It was the cruellest of outcomes for the Neapolitans to go out of the competition on 12 points, while the same could have been said of their opponents had they suffered the three-goal defeat that would have seen them eliminated.
From the opening moments it was clear that the Partenopei were going to look to Marseille to do them a favor rather than go all-out looking for a three-goal victory. It might have been a risky tactic, but then so would leaving their center halves exposed as they sought a sizeable lead.
As it was, they still made enough chances to overturn Arsenal's advantage, with Christian Maggio and Pablo Armero both squandering great shooting positions before Gonzalo Higuain spawned the best opening of the night.
The Argentine didn't remain the villain for long though, taking Jose Callejon's pass and turning superbly to net the only goal of the game in the 73rd minute. He may have missed some big chances at crucial moments during this Champions League campaign, but he had delivered when Napoli needed him most - at least so it seemed at the time.
Marching orders | Montolico trudges off after seeing red
Kevin Grosskreutz's late winner for Dortmund in Marseille spelt disaster for Rafa Benitez and his side, with Jose Callejon's injury-time goal being too little too late. Napoli goes out with the rather unwanted distinction of being the most overachieving losers in the competition's history. Four wins in six proved futile. Napoli earned more points than every other second placed qualifier, except Manchester City, and tallied the same number as two group winners.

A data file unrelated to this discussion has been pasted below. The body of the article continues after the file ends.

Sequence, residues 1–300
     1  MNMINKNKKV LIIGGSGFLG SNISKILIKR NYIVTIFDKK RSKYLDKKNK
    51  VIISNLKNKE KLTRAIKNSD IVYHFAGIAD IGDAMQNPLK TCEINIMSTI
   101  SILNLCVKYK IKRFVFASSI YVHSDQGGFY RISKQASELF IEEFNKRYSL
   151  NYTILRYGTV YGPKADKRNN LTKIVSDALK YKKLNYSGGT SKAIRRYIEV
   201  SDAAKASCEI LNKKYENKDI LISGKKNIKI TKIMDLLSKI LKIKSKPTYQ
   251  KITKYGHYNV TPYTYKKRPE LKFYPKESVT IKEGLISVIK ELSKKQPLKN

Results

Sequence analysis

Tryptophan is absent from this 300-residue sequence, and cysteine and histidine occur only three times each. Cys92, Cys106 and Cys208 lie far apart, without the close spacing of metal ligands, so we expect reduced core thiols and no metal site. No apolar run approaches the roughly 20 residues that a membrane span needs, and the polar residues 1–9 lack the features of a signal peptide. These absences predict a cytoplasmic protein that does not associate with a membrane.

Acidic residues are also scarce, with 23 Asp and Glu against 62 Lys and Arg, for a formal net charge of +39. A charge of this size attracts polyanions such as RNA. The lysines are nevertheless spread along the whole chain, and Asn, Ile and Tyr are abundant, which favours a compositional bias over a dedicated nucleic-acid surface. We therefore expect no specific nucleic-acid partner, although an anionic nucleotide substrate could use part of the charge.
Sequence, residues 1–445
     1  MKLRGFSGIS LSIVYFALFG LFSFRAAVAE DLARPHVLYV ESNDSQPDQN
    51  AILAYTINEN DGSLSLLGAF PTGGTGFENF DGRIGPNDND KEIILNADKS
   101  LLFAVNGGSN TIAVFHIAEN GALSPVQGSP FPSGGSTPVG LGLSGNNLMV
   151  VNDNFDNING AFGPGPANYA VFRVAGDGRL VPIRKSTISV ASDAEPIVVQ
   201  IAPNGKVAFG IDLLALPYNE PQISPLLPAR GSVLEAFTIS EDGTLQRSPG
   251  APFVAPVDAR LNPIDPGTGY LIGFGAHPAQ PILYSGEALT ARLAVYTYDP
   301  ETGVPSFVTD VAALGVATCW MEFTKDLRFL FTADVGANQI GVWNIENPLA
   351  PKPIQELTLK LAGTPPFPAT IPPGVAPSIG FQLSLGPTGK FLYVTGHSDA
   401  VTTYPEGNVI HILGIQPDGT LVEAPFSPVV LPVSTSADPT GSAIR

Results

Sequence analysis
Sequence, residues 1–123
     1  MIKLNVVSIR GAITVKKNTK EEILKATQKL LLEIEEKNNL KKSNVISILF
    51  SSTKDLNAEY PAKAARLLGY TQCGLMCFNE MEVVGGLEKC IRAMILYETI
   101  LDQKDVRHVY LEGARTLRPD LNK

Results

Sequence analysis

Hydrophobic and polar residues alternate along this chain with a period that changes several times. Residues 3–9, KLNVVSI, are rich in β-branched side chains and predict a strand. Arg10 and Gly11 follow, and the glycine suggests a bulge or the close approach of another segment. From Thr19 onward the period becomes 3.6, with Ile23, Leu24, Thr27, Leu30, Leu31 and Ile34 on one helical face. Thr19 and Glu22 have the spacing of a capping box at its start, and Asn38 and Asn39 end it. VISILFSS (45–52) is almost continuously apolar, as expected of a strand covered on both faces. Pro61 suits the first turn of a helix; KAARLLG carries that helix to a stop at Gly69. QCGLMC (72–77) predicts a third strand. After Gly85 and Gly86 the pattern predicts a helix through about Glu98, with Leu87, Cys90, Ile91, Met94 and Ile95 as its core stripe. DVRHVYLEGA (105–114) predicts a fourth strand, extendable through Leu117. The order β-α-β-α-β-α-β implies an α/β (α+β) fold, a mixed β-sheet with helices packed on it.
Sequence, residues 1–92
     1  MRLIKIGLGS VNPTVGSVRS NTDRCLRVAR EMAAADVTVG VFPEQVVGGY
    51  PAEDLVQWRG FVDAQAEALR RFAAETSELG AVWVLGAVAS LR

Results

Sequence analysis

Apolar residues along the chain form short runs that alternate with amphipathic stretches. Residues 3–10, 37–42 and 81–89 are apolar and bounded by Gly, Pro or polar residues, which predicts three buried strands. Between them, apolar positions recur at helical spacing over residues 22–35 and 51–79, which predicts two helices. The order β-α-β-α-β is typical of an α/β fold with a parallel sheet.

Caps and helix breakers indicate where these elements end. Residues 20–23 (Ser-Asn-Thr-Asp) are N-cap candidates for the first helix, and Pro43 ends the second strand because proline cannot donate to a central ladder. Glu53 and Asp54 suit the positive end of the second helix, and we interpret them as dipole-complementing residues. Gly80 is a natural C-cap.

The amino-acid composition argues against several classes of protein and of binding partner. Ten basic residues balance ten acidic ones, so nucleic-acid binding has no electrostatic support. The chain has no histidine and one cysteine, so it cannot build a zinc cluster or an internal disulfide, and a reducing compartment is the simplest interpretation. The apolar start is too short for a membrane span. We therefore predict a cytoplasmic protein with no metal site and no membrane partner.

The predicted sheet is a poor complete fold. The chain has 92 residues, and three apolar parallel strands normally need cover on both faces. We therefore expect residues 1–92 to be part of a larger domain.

At the other end of the scale was Milan, which not for the first time in recent history sneaked through to the last 16. They left it later and closer than even they have become used to, but just about got the job done after seeing out the final 68 minutes of their clash with Ajax with 10 men following Riccardo Montolivo's deserved red card.
Having offered up a fantastic chance to Christian Poulsen from an early corner and been left thankful for the intervention of the far post, the Rossoneri tightened up considerably after Montolivo's ridiculous late challenge on the Danish midfielder.
By full-time, Ajax had had more than 20 shots but never looked quite capable of breaking down Milan's resolute wall. The Rossoneri made it through thanks to sheer will rather than any kind of style, while the Dutch outfit will surely think about the late, late concession of a dubious penalty in Amsterdam when it is asked where it all went wrong. Between Milan and Napoli, Italian football fans were reminded that it is results that count. Results, and a little bit of luck.
Monday's draw will feature one Italian club. It won't be the current champions, nor the team that racked up 12 points in one of the competition's toughest ever groups. Instead it will be a side who lie 22 points off the top of Serie A and have beaten only Celtic during their Group H campaign.
Football is not always the winner.